On the Steelers: Few, if any, signs of rivalry

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Mike Tomlin tried. He tried real hard Tuesday to push two points at his weekly news conference.

Point one, he talked about the 2010 Cleveland Browns as if they were the 1964 Browns, the last major Cleveland sports team to win a championship.

Point two, he continued to portray Browns-Steelers as a "rivalry."

The 2010 Browns lug a 5-10 record and three-game losing streak into their final game of the season Sunday against the Steelers in Cleveland. And they represent a little more of a rivalry for the Steelers than the Carolina Panthers.

"We're excited about the opportunity to end our season against an AFC North team in the Cleveland Browns, one that we respect," Tomlin said. "We understand what's at stake here. What better way to have to go about winning the division than to go on the road and have to do it in a rival's home."

Give Tomlin credit for trying to turn lemons into lemonade. There is plenty at stake here for his team, the difference between a No. 2 seed and a bye into the second week of the playoffs vs. the No. 6 seed and a road you wouldn't want to drive. He did his best Tuesday to make the Browns sound like the New England Patriots.

The Browns can beat the Steelers. They beat them last December, essentially providing the final blow to their playoff chances. They also own a victory against the Patriots back on Nov. 7, stunning as it was.

A Cleveland upset is not out of the question, and that's what needs to happen more often before this again approaches rivalry status. There was no fiercer rivalry in the NFL from the 1950s through the mid-1990s than Browns-Steelers. But when the Browns moved to Baltimore in '96, the rivalry went south with them and, perhaps, the best rivalry in the NFL since then has been Steelers-Ravens.

"We have a rivalry vs. the Ravens, vs. the Bengals, and the Browns as far as I'm concerned," Tomlin insisted. "That's the nature of AFC North football. Their perceptions of the rivalry I can't control."

But, if playing a team more often than others is considered a rivalry, then the Harlem Globetrotters have one with the Washington Generals; Steelers-Browns results have been similar since Cleveland rejoined the NFL as an expansion franchise in 1999.

The Steelers have won 13 of their past 14 games against the Browns, 19 of the past 21, including one playoff victory (2002) -- the only time the New Browns have made the playoffs.

But there is that close proximity, a two-hour bus ride from Pittsburgh.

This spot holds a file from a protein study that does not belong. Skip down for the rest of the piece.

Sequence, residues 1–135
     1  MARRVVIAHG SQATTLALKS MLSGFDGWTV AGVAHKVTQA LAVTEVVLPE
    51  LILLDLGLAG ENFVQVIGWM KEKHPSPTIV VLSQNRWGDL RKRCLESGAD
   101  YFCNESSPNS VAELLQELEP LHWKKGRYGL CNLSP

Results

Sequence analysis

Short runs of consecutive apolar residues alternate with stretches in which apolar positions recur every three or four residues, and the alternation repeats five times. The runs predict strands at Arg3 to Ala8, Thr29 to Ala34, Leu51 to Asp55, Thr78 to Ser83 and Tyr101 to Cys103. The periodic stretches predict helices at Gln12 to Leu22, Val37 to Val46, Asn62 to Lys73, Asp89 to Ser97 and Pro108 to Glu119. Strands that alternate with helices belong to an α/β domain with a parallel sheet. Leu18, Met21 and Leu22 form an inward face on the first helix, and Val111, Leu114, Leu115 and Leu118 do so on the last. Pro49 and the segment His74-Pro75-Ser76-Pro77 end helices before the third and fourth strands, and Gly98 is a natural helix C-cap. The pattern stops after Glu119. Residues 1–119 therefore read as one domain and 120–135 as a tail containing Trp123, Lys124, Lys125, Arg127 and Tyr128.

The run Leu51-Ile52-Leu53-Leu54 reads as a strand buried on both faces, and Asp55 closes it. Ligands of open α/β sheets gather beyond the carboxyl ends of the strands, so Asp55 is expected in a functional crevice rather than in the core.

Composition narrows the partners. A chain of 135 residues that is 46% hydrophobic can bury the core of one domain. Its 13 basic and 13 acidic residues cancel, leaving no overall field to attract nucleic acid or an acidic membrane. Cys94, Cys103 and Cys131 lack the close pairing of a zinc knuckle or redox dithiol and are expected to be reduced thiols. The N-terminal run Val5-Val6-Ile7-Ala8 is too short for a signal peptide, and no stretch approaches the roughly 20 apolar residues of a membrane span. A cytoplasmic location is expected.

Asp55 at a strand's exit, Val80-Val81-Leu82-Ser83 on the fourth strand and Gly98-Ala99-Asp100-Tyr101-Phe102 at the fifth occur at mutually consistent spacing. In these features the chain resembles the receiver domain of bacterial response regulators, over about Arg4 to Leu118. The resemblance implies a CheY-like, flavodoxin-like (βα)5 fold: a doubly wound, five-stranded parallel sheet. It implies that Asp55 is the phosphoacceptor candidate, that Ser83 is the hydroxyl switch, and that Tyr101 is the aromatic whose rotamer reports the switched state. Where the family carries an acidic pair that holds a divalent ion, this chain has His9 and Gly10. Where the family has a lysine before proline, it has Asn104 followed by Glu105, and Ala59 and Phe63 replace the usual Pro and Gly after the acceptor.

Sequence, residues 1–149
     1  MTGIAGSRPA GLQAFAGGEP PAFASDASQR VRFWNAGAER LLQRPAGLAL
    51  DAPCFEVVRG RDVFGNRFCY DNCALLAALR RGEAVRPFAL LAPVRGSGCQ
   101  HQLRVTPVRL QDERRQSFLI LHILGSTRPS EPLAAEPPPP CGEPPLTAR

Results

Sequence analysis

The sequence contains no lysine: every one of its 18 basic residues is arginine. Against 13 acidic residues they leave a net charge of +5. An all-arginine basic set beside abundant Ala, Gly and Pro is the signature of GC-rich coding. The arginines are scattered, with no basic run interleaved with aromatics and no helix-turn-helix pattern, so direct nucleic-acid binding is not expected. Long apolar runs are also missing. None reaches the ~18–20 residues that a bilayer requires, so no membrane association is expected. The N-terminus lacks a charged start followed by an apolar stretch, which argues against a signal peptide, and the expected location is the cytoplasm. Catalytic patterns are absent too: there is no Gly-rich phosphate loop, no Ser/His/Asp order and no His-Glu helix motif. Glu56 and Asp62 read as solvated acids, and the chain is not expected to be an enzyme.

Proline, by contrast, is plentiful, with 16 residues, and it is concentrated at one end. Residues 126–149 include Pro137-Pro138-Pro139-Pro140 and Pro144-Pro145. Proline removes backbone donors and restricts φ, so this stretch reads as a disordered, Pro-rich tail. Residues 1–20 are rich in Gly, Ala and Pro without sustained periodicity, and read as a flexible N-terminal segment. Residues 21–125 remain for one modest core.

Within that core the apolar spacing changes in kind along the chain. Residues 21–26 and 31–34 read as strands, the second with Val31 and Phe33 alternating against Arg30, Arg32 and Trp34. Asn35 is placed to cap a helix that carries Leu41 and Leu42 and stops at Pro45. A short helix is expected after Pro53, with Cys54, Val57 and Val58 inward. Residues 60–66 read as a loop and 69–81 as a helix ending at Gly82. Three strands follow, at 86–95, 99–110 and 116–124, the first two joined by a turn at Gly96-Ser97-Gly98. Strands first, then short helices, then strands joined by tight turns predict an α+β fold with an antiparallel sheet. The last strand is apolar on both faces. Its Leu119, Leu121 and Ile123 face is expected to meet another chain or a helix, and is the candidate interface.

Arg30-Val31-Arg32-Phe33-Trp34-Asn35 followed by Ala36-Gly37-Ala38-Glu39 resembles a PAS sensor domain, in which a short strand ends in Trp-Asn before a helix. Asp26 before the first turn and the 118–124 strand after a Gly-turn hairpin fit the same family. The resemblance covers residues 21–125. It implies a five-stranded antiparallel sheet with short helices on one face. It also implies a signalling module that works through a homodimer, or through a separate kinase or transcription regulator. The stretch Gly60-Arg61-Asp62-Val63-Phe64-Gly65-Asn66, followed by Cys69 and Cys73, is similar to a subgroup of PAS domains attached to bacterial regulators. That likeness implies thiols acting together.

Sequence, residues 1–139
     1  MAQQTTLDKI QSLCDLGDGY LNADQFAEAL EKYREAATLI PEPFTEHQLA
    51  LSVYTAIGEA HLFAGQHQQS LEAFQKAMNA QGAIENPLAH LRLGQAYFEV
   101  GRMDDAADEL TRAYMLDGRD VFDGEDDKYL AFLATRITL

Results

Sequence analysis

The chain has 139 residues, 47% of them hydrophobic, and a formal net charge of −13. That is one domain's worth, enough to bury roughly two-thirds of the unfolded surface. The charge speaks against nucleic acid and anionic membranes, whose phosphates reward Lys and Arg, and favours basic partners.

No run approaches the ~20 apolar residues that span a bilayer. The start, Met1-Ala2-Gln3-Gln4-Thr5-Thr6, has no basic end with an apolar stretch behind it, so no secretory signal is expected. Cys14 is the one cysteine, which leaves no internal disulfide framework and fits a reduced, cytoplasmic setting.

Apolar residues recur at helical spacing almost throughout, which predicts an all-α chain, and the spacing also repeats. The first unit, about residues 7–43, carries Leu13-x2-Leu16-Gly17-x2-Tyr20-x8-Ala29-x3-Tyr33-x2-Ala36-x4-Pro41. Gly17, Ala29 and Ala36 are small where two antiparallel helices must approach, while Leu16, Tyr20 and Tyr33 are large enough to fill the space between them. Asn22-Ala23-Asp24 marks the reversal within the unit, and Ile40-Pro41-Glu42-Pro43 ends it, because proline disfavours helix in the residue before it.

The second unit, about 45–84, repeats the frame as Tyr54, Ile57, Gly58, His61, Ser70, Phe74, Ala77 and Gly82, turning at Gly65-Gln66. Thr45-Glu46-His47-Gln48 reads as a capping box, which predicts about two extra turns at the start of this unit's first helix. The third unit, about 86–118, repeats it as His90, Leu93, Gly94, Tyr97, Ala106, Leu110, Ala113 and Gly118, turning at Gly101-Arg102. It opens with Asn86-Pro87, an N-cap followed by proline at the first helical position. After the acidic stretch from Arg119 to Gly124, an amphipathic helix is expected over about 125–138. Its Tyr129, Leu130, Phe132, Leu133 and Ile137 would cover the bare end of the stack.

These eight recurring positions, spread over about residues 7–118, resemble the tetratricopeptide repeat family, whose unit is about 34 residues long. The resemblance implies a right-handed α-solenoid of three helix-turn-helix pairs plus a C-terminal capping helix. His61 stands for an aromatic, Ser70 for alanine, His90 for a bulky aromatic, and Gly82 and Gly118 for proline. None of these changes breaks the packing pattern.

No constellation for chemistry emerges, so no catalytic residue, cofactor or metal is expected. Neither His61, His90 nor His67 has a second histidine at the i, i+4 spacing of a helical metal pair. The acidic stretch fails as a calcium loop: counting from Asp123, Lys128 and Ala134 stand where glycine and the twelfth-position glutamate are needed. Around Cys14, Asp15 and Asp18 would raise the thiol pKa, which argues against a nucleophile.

"Anytime in the National Football League you're getting on the bus to go play a game, man, that's a pretty heated rivalry," Tomlin actually said.

Maybe he meant the bus was pretty heated, not the rivalry.

"Not many bus trips in the National Football League," Tomlin continued. "Just from proximity's standpoint, it's unique. History is what it is: two storied franchises, the fans. I think the close proximity and history makes it what it is."

What it is, what it has been stretching back to the previous century, is a cakewalk more than a rivalry. Even when the Old Browns were good, the Steelers mowed them down. Before they moved to Baltimore, the Browns lost six consecutive games to the Steelers, including three times in 1994, the third one a playoff game at Three Rivers Stadium. Counting those, the Steelers have won 26 of their past 30 games against the Cleveland Browns.

The Browns would love nothing better than to turn that into 26 of 31 by pulling their second consecutive upset of the Steelers in a December game at home that meant little else to them but ruins the season for their "rivals."

"We have to go into an AFC North city and do the job, and I'm sure they're not for us doing it, so it's going to make it interesting and exciting,'' said Tomlin.

Polamalu decision Friday

Troy Polamalu, who has missed the past two games with an Achilles-related injury, will not practice until Friday, and that is when Tomlin will determine if he will return to play Sunday.

"We're going to look at him and watch him move here a little bit this week," Tomlin said. "It's not out of the realm of possibility that he could play this weekend, and, if he's healthy, he will."

Halfback Mewelde Moore has a sprained knee, and Tomlin described him as questionable for Sunday.

If he cannot play, rookie Jonathan Dwyer could suit up for his first game.

Tomlin listed two defensive starters who might be limited in practice early but whom he expects to play -- cornerback Bryant McFadden (hip pointer) and linebacker LaMarr Woodley (swollen left knee). Rookie linebacker Jason Worilds (swollen knee) also may be limited in practice and is unlikely to play.

Defensive end Aaron Smith, who has not played since his triceps were torn Oct. 24, "is healing nicely."

"Again, he's pushing and lifting weights and so forth and is inching closer to practice participation, and, of course, hopefully game participation, here at some point," Tomlin said.

For more on the Steelers, read the blog, Ed Bouchette on the Steelers at www.post-gazette.com/plus . Ed Bouchette: ebouchette@post-gazette.com .


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